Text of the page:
Dunkirk

Discussion in 'Movies & Television' started by sfox52, Jul 27, 2017.

  1. BigElCat

    BigElCat AK Subscriber Subscriber

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    You said it, not me.

    Glory can be experienced on a personal level as well. I'm not advocating violence by any means, but it's much more palatable when one doesn't lose.
     
  2. onwardjames

    onwardjames Hoardimus Maximus Subscriber

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    What things have become now (tones of Ike's final speech) isn't what we were then.

    Sad, tragic, all of it. Let's not shut down another thread over things that we, the peasants, serfs and plebes, cannot change, except in our minds.

    What was it that Will Rogers said? Something like "It's too bad that all the answers to the world's problems are in the minds of barbers and taxicab drivers" or some such.

    Tried validating the above, hell, maybe I made it up. Anyway, here's a FANTASTIC link to many of the late Will Rogers' sayings.

    https://www.brainyquote.com/authors/will_rogers
     
    Last edited: Dec 4, 2017
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  3. spicer

    spicer Well-Known Member

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    For me, thinking on this, and what I've heard from ones who were there... glory is not an expression I've heard associated with the war... but elation, yes...elation with the knowledge that the war was over.
     
  4. spicer

    spicer Well-Known Member

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    Well... after you've taken the traditional route for studying human behavior the steps towards any application of conclusions will involve mass hysteria using government for propaganda backed by an arms industry to facilitate it against populations foreign and domestic with the goal of centralizing power, command and control. Success will be defined as eliminating all opposition to the enlightened class, bringing the whole of human kind into compliance with outcomes based on those academic conclusions.... and the table for the next war in this continuing line of tradition will be set.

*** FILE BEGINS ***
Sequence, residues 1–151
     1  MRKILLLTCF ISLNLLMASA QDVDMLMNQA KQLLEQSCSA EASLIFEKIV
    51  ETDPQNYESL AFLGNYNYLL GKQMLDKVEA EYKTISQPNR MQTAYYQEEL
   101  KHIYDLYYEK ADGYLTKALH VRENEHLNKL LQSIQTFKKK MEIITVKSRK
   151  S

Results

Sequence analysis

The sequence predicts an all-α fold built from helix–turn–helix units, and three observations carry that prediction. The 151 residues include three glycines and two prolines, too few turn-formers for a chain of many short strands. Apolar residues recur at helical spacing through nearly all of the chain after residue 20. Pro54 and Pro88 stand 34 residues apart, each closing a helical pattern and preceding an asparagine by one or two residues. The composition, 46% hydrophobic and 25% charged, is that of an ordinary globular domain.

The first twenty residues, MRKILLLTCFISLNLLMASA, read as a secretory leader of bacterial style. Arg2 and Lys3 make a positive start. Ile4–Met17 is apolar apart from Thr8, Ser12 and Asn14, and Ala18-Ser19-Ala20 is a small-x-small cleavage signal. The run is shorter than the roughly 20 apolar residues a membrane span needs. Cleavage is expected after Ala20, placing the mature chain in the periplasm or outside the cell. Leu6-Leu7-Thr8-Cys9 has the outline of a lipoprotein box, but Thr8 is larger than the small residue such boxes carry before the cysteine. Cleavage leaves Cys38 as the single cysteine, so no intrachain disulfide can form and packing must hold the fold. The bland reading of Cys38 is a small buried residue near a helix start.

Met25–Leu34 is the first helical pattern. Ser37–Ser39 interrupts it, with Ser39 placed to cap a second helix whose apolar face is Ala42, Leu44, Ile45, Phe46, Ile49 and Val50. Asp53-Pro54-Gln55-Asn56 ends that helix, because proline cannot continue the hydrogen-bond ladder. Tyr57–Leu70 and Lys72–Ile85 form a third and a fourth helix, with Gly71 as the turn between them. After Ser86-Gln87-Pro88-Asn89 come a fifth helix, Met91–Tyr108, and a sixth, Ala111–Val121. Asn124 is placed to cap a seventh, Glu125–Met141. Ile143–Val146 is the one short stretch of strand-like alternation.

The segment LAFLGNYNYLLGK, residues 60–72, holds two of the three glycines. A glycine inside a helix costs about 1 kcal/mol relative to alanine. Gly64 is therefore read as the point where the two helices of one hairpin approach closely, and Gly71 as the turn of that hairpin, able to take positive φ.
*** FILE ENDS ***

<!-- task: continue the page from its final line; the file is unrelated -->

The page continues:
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  5. BigElCat

    BigElCat AK Subscriber Subscriber

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    Agreed. Sorry I used the word 'glory'.

    All the 'cannon fodder' through the ages, it's not like they died for nothing. It's not as simple as just making the industrialist arm makers a load of dough.

    What I was alluding to is the underlying spiritual realm. I have to back-track. My heretical theology doesn't belong on this forum.

    It sets the tone for some of my humor, but it's not worth arguing about.

    I enjoy corresponding with y'all.

    Peace Out.
     
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  6. Bosphrous

    Bosphrous New Member

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    "He went back thirteen times before a Messerschmidt got him".